- IP restrictions in existing licences and information. Before implementing an RPA or AI solution that interfaces with existing technology, a customer should understand the rights and restrictions (both contractual and regulatory) that apply to them in relation to that existing technology and any information with which the solution interacts. For example, that existing technology or information may be purpose-limited or the scope of the customer’s licence may not contemplate that RPA or AI interaction.
Data and privacy management. Organizations often encounter unique data and privacy challenges when using an RPA or AI solution – and particularly AI. This is because the effectiveness of an AI solution will often hinge on processing high volumes of data from diverse and untraditional sources. The collection and retention of vast amounts of data poses challenges from regulatory, practical and security-related perspectives, among others. To the extent that your data includes personal information, regulatory regimes often stress the concept of data minimization, place limits on the retention of data, limit the purposes for which data can be used and disclosed, and are beginning to require transparency about the logic involved in AI decision-making. Organizations should constantly revisit their policies and procedures with respect to the collection of personal information to ensure that regulatory hurdles do not limit their ability to benefit from an RPA or AI solution.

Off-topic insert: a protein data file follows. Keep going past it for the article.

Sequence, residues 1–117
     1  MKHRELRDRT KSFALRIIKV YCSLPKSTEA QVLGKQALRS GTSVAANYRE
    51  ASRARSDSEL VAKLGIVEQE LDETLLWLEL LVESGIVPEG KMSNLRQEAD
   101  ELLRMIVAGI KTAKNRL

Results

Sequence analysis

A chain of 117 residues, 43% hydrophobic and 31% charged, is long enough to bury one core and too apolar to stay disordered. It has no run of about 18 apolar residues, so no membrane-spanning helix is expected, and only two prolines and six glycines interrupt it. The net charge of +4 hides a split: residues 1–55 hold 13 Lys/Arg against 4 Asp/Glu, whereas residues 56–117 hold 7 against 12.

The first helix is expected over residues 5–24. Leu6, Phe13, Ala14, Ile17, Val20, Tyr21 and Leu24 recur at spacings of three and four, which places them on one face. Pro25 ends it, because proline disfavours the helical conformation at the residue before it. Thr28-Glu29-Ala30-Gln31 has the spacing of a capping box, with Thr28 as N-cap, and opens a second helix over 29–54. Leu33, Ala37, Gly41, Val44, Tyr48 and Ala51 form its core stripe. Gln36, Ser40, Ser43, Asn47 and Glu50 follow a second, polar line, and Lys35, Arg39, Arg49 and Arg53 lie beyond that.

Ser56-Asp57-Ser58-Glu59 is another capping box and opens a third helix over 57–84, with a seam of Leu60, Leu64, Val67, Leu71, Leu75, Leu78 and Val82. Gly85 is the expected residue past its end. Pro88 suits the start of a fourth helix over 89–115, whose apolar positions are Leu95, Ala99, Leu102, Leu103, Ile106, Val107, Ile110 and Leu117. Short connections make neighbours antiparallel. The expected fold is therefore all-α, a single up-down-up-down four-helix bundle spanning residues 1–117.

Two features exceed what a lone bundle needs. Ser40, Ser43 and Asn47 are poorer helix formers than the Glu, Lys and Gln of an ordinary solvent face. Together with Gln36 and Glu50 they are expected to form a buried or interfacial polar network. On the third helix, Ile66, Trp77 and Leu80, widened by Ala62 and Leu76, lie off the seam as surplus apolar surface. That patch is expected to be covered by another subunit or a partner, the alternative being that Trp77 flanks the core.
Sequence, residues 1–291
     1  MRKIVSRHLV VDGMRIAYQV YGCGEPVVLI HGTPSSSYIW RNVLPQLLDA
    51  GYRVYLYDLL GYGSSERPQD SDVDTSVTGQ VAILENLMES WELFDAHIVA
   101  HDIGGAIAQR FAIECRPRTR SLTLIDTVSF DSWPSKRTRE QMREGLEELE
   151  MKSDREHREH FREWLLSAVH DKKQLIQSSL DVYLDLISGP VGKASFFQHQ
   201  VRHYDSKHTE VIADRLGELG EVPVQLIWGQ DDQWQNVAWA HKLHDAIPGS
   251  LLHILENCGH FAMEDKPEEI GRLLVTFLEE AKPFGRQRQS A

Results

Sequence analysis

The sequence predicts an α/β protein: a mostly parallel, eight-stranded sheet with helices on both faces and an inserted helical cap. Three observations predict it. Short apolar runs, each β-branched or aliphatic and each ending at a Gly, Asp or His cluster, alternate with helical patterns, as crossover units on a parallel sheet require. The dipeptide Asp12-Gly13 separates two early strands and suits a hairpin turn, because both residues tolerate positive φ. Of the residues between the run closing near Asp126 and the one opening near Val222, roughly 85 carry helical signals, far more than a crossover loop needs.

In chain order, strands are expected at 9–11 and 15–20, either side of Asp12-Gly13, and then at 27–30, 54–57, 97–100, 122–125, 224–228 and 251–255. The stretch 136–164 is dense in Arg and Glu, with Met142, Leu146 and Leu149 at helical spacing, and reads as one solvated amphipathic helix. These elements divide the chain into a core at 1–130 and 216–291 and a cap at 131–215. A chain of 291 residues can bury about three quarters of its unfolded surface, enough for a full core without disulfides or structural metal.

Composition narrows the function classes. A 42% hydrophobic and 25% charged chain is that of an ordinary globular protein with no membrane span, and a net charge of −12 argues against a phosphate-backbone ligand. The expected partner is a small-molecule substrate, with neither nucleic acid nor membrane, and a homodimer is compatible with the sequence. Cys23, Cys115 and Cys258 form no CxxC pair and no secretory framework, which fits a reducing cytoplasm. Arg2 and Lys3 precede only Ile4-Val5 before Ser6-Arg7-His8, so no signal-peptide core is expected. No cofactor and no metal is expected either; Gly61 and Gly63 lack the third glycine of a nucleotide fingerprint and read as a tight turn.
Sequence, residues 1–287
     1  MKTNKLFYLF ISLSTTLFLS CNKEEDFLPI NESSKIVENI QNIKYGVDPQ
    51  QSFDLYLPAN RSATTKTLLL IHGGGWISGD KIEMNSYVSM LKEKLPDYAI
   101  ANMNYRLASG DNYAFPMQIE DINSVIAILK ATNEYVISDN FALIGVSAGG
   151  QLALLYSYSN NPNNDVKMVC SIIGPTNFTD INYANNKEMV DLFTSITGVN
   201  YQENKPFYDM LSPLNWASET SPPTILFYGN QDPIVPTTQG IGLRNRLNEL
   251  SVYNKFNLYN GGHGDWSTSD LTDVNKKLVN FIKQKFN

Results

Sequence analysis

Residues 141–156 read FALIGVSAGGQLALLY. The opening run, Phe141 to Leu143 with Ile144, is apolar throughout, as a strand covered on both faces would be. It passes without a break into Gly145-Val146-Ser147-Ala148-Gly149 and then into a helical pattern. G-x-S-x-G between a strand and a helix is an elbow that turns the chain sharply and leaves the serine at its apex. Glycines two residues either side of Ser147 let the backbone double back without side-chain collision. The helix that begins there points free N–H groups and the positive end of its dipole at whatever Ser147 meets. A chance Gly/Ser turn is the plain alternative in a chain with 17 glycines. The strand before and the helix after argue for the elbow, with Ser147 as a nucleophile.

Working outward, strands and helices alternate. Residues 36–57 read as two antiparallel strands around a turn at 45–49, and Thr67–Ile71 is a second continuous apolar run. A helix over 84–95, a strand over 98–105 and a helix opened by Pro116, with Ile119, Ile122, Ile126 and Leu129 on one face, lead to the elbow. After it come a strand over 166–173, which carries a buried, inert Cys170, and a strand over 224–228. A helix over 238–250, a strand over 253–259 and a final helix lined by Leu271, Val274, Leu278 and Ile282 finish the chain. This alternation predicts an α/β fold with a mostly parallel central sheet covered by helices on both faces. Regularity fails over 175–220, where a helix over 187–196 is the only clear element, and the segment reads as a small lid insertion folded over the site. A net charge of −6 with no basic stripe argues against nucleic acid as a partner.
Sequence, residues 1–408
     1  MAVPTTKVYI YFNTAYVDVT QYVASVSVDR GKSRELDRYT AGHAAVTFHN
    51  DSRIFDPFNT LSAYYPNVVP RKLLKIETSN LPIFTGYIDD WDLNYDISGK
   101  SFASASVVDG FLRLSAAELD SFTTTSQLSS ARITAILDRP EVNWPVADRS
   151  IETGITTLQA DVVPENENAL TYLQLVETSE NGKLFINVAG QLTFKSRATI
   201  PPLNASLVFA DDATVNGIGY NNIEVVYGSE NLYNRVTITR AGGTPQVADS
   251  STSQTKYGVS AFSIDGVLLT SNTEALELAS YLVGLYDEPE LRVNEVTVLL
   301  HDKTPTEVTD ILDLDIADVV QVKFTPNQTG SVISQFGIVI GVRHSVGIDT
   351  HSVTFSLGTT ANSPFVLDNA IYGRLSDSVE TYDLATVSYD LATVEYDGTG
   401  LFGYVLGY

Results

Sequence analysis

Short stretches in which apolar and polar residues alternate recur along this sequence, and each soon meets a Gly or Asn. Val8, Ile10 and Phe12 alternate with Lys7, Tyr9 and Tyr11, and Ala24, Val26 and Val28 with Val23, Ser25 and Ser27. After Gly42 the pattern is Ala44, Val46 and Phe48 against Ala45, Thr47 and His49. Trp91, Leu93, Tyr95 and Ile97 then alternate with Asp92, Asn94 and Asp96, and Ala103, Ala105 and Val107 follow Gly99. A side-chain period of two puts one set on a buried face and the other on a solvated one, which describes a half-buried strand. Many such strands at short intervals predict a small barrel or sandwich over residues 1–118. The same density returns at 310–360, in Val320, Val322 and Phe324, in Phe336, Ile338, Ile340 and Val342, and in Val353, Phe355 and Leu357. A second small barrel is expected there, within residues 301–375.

Risk management. Innovation in the RPA and AI outsourcing industry has led to a vast number of vendors offering a diverse range of products and services – including a number of smaller vendors. Those vendors generally have less appetite to shoulder contractual risk than some of the more established, traditional players, and may not have satisfactory financial strength or insurance arrangements. If there are risk shortfalls in a proposed arrangement, customers might ask the vendor for a related party guarantee or other performance security, or could seek to procure the solution through a more established vendor who may be willing to shoulder some of that risk. It may also be prudent for customers of such vendors to enter into an escrow agreement to ensure the future availability of the solution.
Exit management. Impending expiry or termination of an RPA or AI outsourcing arrangement poses particular challenges to customers. Customers should ensure that they have sufficient rights (whether ownership or licence-based) to use any machine-learned data produced as a result of the arrangement but in terms of the solution itself, migration to a new provider (or in-house) might be impractical or, particularly in the case of AI, impossible. If a solution is particularly large and complex, customers seeking a long-term solution might consider either creating that solution in-house, or contracting to own the solution.
RPA and AI technologies can be a game-changer for your organization from a commercial perspective, but procuring those technologies and managing the new risk landscape requires a fundamental shift in mindset vis-à-vis a traditional outsourcing contract.
By David Crane